The Pryor Times

Agriculture

February 17, 2014

Locals learn storm spotting basics

PRYOR, OK — The National Weather Service Tulsa Storm Spotter Training was Tuesday night at the Mayes County Courthouse. The training is offered annually at no cost to the public.

The class was primarily attended by local firefighters, and was standing room only.

Ed Calianese, Warning Coordinator Meteorologist for NWS Tulsa, taught the class.

“Our mission is to issue forecasts and warnings to protect life and property, it’s that simple,” Calianese said.

He discussed “impact-based warnings” which he said are an attempt to expedite response. Calianese said the wording in warnings issued will change in the near future as NWS wants warnings to be as detailed as possible. He said the warnings are too similar as the same wording is used from one storm to another.

The group listened as Calianese discussed wireless emergency alert notices.

“These are 90-character messages. Tweets are 140, so these are short. They are for severe situations,” said Calianese of the technology rolled out in 2012.

“Let’s talk about the life cycle of a thunderstorm,” said Calianese. “A thunderstorm environment is  moist, unstable and has a source of lift.”

He discussed each of these variables and the storm possibilities associated.

He discussed three main “severe weather products.”

“Severe thunderstorm warnings and tornado watches. With these it is crucial to remember to plan, prepare and be aware,” said Calianese. “Severe thunderstorm and tornado warnings are the second one. Here the threat is imminent and information is upgraded regularly. A significant weather advisory is used for strong thunderstorms.”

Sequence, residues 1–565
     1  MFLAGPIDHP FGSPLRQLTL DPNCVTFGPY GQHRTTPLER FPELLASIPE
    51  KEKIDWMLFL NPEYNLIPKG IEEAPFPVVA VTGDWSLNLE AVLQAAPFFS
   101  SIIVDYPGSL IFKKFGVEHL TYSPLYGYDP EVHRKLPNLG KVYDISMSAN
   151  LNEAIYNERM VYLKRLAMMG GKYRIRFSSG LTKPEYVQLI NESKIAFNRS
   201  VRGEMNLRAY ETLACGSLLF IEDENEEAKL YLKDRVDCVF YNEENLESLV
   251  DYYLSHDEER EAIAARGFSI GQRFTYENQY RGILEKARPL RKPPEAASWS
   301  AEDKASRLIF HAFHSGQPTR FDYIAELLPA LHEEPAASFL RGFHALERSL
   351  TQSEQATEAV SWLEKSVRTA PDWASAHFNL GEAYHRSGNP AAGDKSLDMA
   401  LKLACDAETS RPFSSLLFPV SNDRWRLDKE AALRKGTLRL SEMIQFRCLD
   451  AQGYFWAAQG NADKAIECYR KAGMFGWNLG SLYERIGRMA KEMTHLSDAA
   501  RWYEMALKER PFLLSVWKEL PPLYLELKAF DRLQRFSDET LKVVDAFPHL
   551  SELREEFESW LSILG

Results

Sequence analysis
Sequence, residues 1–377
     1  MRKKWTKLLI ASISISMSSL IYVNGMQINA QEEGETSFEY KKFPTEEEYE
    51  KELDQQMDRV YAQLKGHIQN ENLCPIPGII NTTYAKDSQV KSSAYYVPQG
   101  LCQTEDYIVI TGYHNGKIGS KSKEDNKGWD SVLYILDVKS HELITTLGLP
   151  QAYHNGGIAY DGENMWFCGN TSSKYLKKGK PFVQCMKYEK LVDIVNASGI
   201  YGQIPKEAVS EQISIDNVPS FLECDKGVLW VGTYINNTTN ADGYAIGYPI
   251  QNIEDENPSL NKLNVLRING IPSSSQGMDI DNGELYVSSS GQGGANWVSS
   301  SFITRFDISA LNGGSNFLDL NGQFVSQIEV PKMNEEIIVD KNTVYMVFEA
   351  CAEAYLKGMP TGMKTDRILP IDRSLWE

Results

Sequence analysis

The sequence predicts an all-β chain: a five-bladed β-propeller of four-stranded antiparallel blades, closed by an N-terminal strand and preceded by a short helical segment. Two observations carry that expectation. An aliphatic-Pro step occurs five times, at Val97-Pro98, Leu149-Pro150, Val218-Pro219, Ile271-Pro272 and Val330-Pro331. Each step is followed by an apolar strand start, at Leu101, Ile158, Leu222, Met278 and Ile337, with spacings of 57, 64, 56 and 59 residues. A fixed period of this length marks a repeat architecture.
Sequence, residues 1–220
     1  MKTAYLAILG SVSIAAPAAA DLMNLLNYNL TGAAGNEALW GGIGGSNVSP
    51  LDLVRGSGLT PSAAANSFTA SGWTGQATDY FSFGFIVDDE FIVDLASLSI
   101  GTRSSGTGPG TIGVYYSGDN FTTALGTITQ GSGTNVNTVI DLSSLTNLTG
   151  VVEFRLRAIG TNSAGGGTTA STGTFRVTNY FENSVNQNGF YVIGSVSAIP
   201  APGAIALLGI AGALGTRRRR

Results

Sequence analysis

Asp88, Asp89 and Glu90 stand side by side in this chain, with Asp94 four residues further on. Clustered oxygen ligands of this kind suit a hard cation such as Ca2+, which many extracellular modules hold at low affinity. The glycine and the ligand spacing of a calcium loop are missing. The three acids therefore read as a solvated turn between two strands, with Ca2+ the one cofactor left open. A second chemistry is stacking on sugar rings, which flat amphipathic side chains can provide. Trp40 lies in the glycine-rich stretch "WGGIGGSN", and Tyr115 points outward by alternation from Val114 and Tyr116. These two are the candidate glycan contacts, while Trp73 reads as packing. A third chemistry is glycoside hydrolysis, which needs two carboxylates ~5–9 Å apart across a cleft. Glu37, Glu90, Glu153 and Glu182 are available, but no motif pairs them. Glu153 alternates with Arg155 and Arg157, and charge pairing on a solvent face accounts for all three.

The class took notes on the types of thunderstorms and clouds: unorganized, organized, single-cell, multi-cell, shelf clouds and roll clouds.

He concluded that section by reminding the group, “real life is not always textbook.”

On the subject of non-tornadic events he said, “most flash flood deaths occur at night and most victims are people trapped in their vehicle.”

He stressed the importance of knowing the roads in your community, particularly which are prone to

flooding.

“Lightning is the number two weather-related killer. It kills 57 Americans annually, it strikes earth 20 million times a year. If you can hear thunder, you’re close enough to be struck,” he said.

Large hail and strong winds are the most costly weather-related event, he said.

“Wind and hail can cause more damage across a larger area

than most tornados,” Calianese said.

He concluded the course by saying, “Know the direction and movement of the storms. Use technology as much as you’re able. Mobile spotters should observe from near a four-way intersection. If possible, stay updated with latest expectations on what the day will produce,” Calianese said. “Mostly, remember your safety is number one.”

 

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